Iraqi security forces are set to assume responsibility for the areas, Iraqi spokesman Ali al-Dabbagh said at a June 15 news conference.
"The step of withdrawal of American forces from the city will be a main step in this effort," he said. "And the Iraqi government is committed to receive all the security responsibility and protect security, protect its citizens and all foreigners who are working and living in Iraq."
The security forces also will provide protection for embassies, foreign missions and the commercial and cultural missions working in Iraq, he added.
The spokesman also noted the longer-range goal of withdrawal of all American combat forces from Iraq by December 2011. "The Iraqi government affirms that the American forces will complete ... the withdrawal of the combat forces at the specific time, and will leave limited numbers from the technicians with our security forces for the purpose of training, and will operate some equipment based on the request of the Iraqi government," he said.
The United States remains firmly committed to fulfilling the terms of the security agreement, said Army Gen. Raymond T. Odierno, commander of Multinational Force Iraq.
"In accordance with this security agreement, U.S. combat forces will leave the cities on 30 June, and it will be a great day for the Iraqi people," the general said. The improvements in security and the professionalism of the Iraqi army and police have enabled this step, he added.
The withdrawal includes the city of Mosul and the province of Ninevah. A few months ago, Odierno acknowledged, he had reservations about pulling out of Mosul. Meanwhile, Iraqi security forces have increased their presence in the city.
"We have had very successful operations in Mosul over the last 45 days," Odierno said. "We have been able to detain several key leaders. I feel much more comfortable now where we're at in Mosul."
The flow of foreign fighters into Iraq has decreased significantly, Odierno said. "In fact, for the most part, it's been just a trickle," he said, crediting border enforcement inside Iraq and Syrian cooperation. Al-Qaida in Iraq has been degraded significantly, and though the terror group still can launch attacks, it is becoming more difficult, the general said.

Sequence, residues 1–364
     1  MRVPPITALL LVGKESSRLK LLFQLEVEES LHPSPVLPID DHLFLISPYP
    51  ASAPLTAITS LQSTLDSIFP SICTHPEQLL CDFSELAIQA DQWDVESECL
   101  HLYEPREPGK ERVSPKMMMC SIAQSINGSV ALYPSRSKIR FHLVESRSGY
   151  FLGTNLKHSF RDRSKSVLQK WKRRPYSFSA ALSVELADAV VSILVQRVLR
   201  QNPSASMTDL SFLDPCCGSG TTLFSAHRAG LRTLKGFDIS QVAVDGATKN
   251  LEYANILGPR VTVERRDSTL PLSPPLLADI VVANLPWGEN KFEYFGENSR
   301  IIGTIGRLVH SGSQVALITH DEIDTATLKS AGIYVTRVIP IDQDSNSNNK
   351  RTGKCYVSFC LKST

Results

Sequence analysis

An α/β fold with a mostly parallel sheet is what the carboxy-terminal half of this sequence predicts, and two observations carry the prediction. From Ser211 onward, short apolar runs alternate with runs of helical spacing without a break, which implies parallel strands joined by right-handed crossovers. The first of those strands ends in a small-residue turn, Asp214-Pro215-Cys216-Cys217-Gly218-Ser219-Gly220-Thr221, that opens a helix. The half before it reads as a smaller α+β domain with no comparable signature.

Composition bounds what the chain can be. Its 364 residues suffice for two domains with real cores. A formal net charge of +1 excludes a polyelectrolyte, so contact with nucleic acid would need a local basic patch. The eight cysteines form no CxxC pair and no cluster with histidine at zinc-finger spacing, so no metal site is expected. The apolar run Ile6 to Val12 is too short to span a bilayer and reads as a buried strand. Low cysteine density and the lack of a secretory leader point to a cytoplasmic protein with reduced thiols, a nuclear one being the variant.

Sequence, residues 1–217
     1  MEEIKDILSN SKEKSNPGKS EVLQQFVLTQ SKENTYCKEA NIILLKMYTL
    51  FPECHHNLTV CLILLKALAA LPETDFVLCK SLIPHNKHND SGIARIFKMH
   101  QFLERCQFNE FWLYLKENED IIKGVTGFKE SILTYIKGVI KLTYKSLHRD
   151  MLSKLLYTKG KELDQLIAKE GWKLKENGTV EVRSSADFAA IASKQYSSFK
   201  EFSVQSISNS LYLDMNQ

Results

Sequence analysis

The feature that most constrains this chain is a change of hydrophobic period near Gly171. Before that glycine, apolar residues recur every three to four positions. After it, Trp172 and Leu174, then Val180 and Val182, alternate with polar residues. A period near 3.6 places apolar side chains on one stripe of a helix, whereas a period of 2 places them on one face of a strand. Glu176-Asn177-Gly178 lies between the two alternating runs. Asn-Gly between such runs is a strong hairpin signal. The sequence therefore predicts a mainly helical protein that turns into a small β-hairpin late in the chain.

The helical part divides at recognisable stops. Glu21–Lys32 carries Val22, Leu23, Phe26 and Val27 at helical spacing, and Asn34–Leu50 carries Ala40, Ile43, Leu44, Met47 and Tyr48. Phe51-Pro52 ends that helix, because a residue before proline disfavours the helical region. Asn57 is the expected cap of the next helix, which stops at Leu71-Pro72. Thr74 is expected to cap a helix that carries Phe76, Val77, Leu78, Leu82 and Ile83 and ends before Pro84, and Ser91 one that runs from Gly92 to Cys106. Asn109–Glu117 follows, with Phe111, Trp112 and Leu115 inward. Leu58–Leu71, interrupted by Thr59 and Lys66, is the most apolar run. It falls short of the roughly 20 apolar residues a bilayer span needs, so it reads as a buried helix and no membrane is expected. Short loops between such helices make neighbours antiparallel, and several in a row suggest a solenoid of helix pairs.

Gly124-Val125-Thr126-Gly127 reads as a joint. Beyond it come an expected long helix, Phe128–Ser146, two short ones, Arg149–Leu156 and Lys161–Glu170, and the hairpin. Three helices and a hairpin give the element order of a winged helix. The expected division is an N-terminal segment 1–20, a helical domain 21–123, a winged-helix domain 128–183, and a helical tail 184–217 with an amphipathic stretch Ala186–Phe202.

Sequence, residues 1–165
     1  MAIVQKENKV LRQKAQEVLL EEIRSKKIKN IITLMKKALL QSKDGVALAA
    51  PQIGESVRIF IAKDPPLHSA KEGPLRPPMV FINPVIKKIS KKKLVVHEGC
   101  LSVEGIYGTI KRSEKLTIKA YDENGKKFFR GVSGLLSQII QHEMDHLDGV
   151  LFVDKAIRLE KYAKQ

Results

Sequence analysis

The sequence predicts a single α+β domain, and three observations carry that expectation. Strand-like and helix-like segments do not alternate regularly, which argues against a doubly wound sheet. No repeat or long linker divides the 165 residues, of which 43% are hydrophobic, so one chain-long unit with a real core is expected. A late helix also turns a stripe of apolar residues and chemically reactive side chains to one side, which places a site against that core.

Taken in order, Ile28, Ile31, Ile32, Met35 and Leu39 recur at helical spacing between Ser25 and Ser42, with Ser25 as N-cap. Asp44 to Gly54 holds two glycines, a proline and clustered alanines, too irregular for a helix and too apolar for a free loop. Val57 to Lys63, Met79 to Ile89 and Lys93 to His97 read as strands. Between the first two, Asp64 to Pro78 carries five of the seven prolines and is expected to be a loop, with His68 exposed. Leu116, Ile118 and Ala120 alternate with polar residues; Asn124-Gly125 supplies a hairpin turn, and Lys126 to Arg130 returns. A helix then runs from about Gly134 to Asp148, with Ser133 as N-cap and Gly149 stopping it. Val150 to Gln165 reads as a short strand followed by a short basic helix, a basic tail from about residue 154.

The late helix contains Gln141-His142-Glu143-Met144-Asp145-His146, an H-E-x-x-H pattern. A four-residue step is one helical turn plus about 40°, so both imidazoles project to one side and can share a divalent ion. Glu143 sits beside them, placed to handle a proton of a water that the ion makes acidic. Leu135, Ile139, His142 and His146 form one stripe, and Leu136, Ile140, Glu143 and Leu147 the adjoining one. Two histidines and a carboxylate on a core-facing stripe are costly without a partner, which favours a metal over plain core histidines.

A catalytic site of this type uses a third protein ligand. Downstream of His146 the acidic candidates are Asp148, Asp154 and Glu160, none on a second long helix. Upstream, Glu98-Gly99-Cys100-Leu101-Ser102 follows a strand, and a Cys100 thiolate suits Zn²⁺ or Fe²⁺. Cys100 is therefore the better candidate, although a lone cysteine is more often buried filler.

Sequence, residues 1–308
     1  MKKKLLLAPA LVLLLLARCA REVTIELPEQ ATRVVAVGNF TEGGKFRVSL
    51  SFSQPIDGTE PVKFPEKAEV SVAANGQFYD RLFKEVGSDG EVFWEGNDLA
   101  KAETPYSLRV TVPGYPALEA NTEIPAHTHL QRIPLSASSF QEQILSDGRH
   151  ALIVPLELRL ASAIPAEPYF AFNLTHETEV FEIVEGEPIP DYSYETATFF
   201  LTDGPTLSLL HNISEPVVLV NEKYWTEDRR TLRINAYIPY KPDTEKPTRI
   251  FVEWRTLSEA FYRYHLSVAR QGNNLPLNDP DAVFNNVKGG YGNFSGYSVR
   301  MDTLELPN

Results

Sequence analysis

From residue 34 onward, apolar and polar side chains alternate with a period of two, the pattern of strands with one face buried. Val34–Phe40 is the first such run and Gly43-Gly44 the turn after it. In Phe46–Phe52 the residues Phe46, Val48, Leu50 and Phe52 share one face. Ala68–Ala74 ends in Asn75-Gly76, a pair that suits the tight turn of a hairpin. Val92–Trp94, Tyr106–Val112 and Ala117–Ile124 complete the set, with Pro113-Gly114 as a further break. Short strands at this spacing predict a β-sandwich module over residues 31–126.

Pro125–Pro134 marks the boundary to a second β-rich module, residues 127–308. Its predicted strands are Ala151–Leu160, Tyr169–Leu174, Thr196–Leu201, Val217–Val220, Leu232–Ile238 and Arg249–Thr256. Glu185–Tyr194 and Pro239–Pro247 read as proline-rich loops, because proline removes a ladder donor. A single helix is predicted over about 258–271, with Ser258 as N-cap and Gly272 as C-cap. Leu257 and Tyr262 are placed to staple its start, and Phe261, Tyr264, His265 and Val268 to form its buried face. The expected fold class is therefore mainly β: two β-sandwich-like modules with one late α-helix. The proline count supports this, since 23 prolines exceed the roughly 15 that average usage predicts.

"The dark days of previous years are behind us," he added. "Today, Iraqis are able to lead more normal lives, more children are in schools, restaurants are beginning to open, shops are doing business, and parliament is meeting."
The numbers of attacks in Iraq has dropped significantly. Military officials said the number of attacks in May was at the lowest level since August 2003. Attacks against civilians, attacks against Iraqi security forces and attacks against coalition forces all are down.
"Across Iraq, attacks remain low as a result of the strong partnership between Iraqi and U.S. security forces, forged in tough fighting during the surge of operations that began in January of 2007," Odierno said.
Since the U.S.-Iraq security agreement took effect in January, coalition forces have closed or returned 142 bases to Iraq control. "And since last September, we have reduced over 30,000 Multinational Force Iraq troops in all of Iraq," the general said.
Coalition forces had operated from about 460 bases, and now operate from about 320. "We will continue to reduce those this year," Odierno said, "and we will continue to reduce both our forces and the number of bases in 2010 and through December of 2011, when we will be completely withdrawn from Iraq."
"Enablers" such as logistics and aircraft are on track, said Iraqi Defense Minister Abdul Qader Mohammad Jassim al-Mafrji.
"We will have capabilities for helicopter support starting the middle of 2010," al-Mafrji said. "This will grow gradually, but [we] plan to be able at the end of 2011 to have complete support. The support also needs logistical support, and logistical support is focused greatly on medevac."